A reflection on running-blogging today! Let's get meta.  

The myth of the blogging formula.

There seems to be a formula, originated and spread from popular bloggers who likely learned through trial and error what drives readers to come back (did I win that giveaway?!), what drives readers to comment (questions at the end of a blog post), what leads to income for the blogger (be very kind to brands and companies that may want to advertise or gift you things).

There are, obviously, no actual rules you have to follow to run a blog.  When I started blogging in early 2011, I knew this to be true, and I purposefully intended to not sound like the blogs I was reading.  I intended to document my running, to call out blogging bullshit, to have some fun, to communicate with like minded bloggers.  And still, I fell into some elements of the blogging formula.

For instance:

  • I often posed questions at the end of posts (and I reserve the right to do this again! Sometimes it is the only way to get concentrated feedback if I desire it--otherwise the comments are all over the place.  Since my posts are often all over the place); 
  • I felt some obligation to try and post every other day, and when that proved to be too unrealistic, I aimed for twice a week;
  • I tried to swap comments with every blogger who commented here.  It only seemed fair?
  • I tried to find a way to get a picture of me in every post.  I truly thought that posts needed pictures to be complete, and needed a picture of the author for the reader to feel like they were connecting and remember exactly who was talking.

Of the many elements to the blogging formula, the element that drives probably most of us crazy is product placement--typically via giveaways and reviews.  

When I first started blogging, within several months I had a giveaway.  For no fucking reason at all.  I was sucked into the blogging formula trap, and I figured that as a blogging rule, I owed it to the world to have a giveaway.  It was pretty pathetic; I scoured through the "last minute gifts" bag in the closet at our home and gave away a book and some food.  Really pathetic.  But I did still try to have fun with it by "hiding" the giveaway for readers who were doing more than skimming.

The only other giveaway I recall was a running calendar I was gifted for Christmas and I didn't want.  Since then, nothing for you.  But a bunch of selfies of me.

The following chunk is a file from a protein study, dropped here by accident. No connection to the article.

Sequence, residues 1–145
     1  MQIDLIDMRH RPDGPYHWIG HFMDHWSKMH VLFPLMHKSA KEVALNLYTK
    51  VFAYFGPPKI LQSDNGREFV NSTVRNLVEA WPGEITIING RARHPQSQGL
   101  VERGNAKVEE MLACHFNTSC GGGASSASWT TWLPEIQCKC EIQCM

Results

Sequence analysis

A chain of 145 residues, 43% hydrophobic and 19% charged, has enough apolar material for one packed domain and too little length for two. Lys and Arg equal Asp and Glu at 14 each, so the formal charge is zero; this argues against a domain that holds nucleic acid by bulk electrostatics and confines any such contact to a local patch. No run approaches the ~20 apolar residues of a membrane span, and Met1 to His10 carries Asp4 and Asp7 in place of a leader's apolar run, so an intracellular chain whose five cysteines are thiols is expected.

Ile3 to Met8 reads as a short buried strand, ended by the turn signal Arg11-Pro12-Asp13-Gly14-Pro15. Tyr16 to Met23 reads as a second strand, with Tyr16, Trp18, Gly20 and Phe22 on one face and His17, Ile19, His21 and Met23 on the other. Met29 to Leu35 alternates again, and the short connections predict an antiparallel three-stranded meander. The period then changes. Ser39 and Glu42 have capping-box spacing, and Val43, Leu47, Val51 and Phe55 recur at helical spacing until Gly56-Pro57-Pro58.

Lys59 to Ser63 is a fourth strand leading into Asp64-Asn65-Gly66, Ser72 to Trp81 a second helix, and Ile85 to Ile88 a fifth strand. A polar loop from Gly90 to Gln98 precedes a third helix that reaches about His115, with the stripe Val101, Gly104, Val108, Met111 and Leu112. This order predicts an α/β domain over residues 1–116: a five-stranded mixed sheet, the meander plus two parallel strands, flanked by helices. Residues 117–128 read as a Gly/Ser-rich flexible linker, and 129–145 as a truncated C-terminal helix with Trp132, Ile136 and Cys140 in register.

I do have a couple things lying around that were sent to me via contact to my blog email that I should probably give someone (Aquaphor sunscreen chapstick anyone?) and a number of emails I never replied to with offers (headphones or a free running e-book?).  I haven't figured out when, if ever, I can bundle these things for a proper giveaway.  

You know what the best free thing would be? Free race entries.  Let's do that.  That is something that would legitimately enhance my life.

Anyway, since we have to sit through blog post after blog post of product placement, here today and now, we have earned our right to be entertained by these brands.   Today, we do a running-blogger-brand roast.

Here are the brands on the chopping block:


Where to start, Compex.  One of your problems is that you sound like a legal discovery/court reporter vendor.  Because there literally is an e-discovery legal vendor called Compex.


Every time I see the word "compex" at work, I think about what a stupid legal vendor name that is.

It's also a stupid name for an electrostimulation product.

The bigger problem is that I don't know anyone who uses compex, except for people who are paid (via free Compex) to use compex.   Has anyone ever purchased a compex?

Whatever science is behind it, the cavemen didn't need electrostimulation to recover from their deer-hunting runs, so I will surely survive without it.  I barely believe in the foam roller or the ice bath, so this one can be thrown in the pile of "do not want to add wires to my normal running routine thanks for the $$$ option though."

Compex is good practice for disassembling a bomb


Whooops.  Did Nuun just discover that nobody cares about Nuun except the eager beavers who have already ambassadored for Nuun in the past?

I haven't heard a word about Nuun hood-to-coast this year outside of the alumni more or less saying "it's so great, we have been expelled from the opportunity to run it again, but YOU should!"


no thanks?

Sure, running HTC is expensive, I hear, and getting to run it for free thanks to Nuun is a once in a lifetime opportunity.

I dunno.  If it's that expensive, and that worth it, you can make it work without repping Nuun.  We can save some money like we do for all the other races we run each year.  Invite some real friends.  Rep a company that loves all athletes regardless of gender and whether they have a blog.  Or rep Nuun if you really love Nuun, I guess.  Water is pretty awesome for quenching thirst though.  Have you heard?

Or you could have an Airborne, which seems like the same thing...


My in-laws got me a pair of these for Christmas because I specifically asked for a good pair of compression socks.  I've had a lot of problems with my left calf this year that seems to me to be directly related to the leg-lock sensation I get when running fast.  Thought compression could be worth a try.  I don't know the difference from brand to brand, but my pair seem nice.